Marine Terminal Operators to Eliminate One OffPeak Shift as Cargo Volume Falls

LONG BEACH, Calif., March 12, 2009 – Marine terminal operators at the Ports of Los Angeles and Long Beach today announced they will each eliminate one Thursday or one Saturday PierPass OffPeak shift per week due to declining cargo volume. Marine terminal operators that close a Thursday OffPeak gate will maintain a Saturday OffPeak gate, and vice versa.

The new schedule is effective the week of April 6. An updated OffPeak schedule will be available on the PierPass website at

With the dramatic drop in cargo volume amid the economic crisis, terminal operators must take measures to reduce their operational costs. Volume is down 32 percent at the ports of Los Angeles and Long Beach in the fourth quarter of 2008 compared to same time period in 2007.

“We evaluated a range of options and consulted extensively with our stakeholders,” said PierPass President and CEO Bruce Wargo. “The choice of eliminating either one Thursday or one Saturday OffPeak shift per week gives each terminal operator the flexibility to determine which OffPeak gate closure would be least disruptive to their customers and operations.”

Most importantly, Wargo added, “Maintaining the viability of the OffPeak program through this economic downturn means the program will continue to provide its benefits of reduced congestion and air pollution. Because the OffPeak program remains in operation, PierPass will be able to easily add back additional shifts when cargo volume recovers and congestion pressures begin to return.”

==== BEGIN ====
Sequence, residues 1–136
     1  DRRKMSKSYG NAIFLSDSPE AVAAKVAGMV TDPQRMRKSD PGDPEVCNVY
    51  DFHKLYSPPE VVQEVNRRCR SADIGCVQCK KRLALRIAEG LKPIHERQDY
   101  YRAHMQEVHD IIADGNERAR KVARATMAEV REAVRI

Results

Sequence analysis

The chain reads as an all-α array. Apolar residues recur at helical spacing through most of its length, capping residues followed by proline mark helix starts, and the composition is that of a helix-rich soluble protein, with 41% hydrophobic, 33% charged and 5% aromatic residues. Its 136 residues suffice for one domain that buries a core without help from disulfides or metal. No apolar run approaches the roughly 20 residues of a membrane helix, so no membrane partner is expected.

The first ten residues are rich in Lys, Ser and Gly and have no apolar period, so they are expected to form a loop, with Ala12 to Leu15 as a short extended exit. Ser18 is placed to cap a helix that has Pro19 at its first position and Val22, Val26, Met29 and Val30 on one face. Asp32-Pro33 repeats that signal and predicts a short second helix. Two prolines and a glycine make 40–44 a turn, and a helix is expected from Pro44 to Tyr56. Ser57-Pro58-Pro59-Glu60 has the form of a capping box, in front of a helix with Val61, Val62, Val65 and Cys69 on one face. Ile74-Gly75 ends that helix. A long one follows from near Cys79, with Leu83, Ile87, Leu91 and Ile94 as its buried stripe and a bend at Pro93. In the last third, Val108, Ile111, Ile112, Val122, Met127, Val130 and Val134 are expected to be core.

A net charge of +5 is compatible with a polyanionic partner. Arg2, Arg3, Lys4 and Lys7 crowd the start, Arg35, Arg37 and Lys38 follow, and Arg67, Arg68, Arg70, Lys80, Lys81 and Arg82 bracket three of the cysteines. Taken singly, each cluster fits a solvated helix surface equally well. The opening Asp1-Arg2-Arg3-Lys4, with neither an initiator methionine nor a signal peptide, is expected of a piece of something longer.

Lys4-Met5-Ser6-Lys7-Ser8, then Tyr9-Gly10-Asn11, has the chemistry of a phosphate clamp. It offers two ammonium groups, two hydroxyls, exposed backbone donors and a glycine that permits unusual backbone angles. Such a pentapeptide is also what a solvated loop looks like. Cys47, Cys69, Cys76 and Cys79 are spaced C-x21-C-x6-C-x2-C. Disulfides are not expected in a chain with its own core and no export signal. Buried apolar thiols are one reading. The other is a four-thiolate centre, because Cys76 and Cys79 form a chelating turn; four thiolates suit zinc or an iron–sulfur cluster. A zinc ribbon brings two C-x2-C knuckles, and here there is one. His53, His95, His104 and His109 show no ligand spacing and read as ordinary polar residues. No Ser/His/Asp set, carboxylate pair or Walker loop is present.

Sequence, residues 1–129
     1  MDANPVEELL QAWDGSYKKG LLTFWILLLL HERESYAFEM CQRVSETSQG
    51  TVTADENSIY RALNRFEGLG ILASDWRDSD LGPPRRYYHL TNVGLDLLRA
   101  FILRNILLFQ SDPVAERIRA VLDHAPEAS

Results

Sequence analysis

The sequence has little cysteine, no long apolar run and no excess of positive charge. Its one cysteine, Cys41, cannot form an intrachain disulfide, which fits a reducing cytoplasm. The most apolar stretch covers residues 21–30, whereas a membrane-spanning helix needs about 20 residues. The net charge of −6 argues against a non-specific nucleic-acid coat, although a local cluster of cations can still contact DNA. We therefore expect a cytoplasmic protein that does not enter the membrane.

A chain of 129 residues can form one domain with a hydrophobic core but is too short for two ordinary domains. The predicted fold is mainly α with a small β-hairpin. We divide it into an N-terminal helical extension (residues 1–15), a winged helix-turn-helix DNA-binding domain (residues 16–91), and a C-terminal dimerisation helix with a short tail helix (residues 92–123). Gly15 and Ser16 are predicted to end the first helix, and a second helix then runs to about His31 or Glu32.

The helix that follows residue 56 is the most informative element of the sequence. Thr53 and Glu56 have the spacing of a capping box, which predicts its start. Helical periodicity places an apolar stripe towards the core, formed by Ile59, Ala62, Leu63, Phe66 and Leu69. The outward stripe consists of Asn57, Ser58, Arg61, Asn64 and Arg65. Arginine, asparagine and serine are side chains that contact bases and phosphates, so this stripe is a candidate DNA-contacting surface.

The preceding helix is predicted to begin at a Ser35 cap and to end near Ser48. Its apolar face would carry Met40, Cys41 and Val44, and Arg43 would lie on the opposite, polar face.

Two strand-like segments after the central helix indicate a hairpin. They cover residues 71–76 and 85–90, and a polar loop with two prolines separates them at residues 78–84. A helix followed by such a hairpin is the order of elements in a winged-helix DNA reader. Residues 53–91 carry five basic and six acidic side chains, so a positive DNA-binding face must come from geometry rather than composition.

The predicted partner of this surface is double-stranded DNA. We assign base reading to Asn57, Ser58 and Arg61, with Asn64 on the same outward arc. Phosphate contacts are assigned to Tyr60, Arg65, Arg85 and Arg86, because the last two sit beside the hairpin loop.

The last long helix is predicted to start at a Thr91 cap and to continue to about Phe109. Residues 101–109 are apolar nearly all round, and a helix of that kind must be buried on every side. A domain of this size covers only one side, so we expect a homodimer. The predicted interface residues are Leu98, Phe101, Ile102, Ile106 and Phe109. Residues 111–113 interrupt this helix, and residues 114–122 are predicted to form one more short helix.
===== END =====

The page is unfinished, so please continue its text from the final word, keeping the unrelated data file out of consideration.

The marine terminal operators, through an independent consultant, analyzed the current costs for the OffPeak program, assessing current traffic patterns and volume and the impact of ending a Thursday or Saturday shift.

The drop in cargo volume translates into reduced collection of the Traffic Mitigation Fee (TMF) charged on cargo container moves during peak daytime hours. In addition to providing a financial incentive to move cargo during the OffPeak shifts, the TMF is intended to cover the incremental cost of adding five shifts per week.

Since its inception in 2005, revenue from TMF collection has not fully covered the added costs of operating the five OffPeak program shifts. In the fourth quarter of 2008, the actual cost of OffPeak gates was $79 per TEU compared to the fee of $50 per TEU, the analysis determined. (A TEU, or twenty-foot equivalent unit, is half the size of the most common containers). Eliminating one of the shifts each week should produce a savings between $17 per TEU and $25 per TEU.

The cost to operate OffPeak gates is relatively fixed, so a decrease in cargo volume translates into an increase in the OffPeak cost per TEU.

The OffPeak program was established in 2005 to reduce congestion and air pollution in and around the Los Angeles and Long Beach ports. Under the program, all international container terminals in the two ports established five new shifts per week (Monday through Thursday from 6 p.m. to 3 a.m. and Saturday from 8 a.m. to 6 p.m.). As an incentive to use the new OffPeak shifts and to cover the added cost of the shifts, a Traffic Mitigation Fee (“TMF”) is required for most cargo movement during peak hours (Monday through Friday, 3 a.m. to 6 p.m.). The program is administered by PierPass, a not-for-profit company created by marine terminal operators at the ports to address multi-terminal issues such as congestion, security and air quality.

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